Once the slimy oil of the film wears off and the ensuing doldrums give way to the dawn of another day, however, it’s worth noting that “The Ides of March” makes a powerful – if completely unintentional – commentary on the difference between Republicans and Democrats, between “conservatives” and “progressives.”

For starters, every weekday, Rush Limbaugh gets to spout off nearly uninhibited on everything that’s wrong with the nation, with Democrats and with liberals. I’ve heard the worst he has to say, and despite what the foaming-at-the-mouth mainstream-media types report, it isn’t all that ugly. Snarky, outrageously biased, over the top and ungracious, to be sure, but far from the “hate” he supposedly spews.

You can’t say the same thing about liberals when they get on a tear. And there’s no question that leftists were hard at work behind this movie.

In “The Ides of March,” by (conveniently?) making the political contest the Democratic primary instead of the presidential race, every character in the film gets to spout off liberal rhetoric and reserve his or her venom for those evil Republicans, Christians and conservatives.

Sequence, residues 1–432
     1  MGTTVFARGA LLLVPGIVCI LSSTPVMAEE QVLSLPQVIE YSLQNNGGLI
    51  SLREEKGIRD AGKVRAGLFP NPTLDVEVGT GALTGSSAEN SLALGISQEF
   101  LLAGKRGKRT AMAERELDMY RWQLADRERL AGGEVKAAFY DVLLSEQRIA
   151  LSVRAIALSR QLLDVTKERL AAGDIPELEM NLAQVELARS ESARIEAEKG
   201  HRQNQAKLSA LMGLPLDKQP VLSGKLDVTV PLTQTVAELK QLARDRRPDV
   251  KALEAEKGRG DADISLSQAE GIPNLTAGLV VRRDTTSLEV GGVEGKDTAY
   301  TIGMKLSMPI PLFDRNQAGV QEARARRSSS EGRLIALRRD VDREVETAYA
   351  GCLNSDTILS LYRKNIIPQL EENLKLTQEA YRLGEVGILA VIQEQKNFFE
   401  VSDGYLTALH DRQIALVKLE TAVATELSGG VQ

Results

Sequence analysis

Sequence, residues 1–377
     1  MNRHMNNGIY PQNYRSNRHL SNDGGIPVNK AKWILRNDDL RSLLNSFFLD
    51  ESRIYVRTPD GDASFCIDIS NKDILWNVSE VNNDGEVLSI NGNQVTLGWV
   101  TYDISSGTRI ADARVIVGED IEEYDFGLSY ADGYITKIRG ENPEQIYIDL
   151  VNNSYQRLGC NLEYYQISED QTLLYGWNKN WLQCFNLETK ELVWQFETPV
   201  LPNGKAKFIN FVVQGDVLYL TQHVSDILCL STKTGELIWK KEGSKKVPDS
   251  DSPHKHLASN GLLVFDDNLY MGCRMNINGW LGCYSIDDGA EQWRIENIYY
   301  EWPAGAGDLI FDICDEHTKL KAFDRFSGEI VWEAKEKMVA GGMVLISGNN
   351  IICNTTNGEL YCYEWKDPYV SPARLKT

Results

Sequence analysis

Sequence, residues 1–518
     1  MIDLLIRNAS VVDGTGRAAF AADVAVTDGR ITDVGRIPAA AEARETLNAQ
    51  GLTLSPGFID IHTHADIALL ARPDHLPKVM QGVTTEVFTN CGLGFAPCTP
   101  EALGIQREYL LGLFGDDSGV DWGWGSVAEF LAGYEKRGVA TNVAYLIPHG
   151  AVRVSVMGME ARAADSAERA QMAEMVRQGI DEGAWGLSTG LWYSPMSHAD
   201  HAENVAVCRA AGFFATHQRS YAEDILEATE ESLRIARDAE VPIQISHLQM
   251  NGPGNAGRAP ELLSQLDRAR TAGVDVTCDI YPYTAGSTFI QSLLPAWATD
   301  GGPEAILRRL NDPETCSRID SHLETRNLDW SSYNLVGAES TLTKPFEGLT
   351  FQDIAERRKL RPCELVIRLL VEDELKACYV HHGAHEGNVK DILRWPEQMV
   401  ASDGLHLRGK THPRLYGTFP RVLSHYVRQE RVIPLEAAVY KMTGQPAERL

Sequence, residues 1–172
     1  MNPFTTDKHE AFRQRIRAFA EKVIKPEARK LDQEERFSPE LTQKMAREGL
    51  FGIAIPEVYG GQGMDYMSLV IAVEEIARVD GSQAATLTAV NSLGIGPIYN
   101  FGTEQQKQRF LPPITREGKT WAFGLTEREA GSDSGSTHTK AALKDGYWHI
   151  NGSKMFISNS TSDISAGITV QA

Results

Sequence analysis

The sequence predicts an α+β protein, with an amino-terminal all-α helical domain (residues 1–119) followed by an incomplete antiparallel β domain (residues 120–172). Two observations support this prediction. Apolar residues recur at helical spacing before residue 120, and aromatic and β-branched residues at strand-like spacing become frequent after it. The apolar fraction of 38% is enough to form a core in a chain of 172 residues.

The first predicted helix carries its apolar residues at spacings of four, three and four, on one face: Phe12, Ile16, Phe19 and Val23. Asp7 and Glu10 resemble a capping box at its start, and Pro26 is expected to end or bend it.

And yet, even if moviegoers accept that the GOP bashing is simply what you’d expect from a movie inside a Democrat campaign, and even if moviegoers accept the implied premise that a movie about Republicans would sound the same, only in reverse, the film makes some bold, political worldview statements that illustrate foundational chasms between Democrats and Republicans and between biblical and unbiblical thought.

More intriguing is this off-hand, “I naturally assume you agree with me” statement made by the top candidate in the film, while arguing against the death penalty: “Society has to be better than the individual.”

Death penalty debate aside, this statement reflects a foundational difference in thought: Is thecollectiveultimately more noble than the individual, presenting our best hope for the redemption and protection of people … or is theindividualultimately more estimable than the collective, presenting our best hope for the redemption of society?

Socialists, communists, progressives and, yes, Democrats, have largely held the collective in higher esteem. Think “It takes a village to raise a child” or labor unions or Medicare.

Capitalists, conservatives and, yes, Republicans, have typically held the individual in higher esteem. Think free markets, Second Amendment enthusiasts and the Gadsden flag.

Which of the two did our Founders esteem? Historically, the answer is undeniable.

Which did the Soviet revolution esteem? Again, perfectly clear.

 

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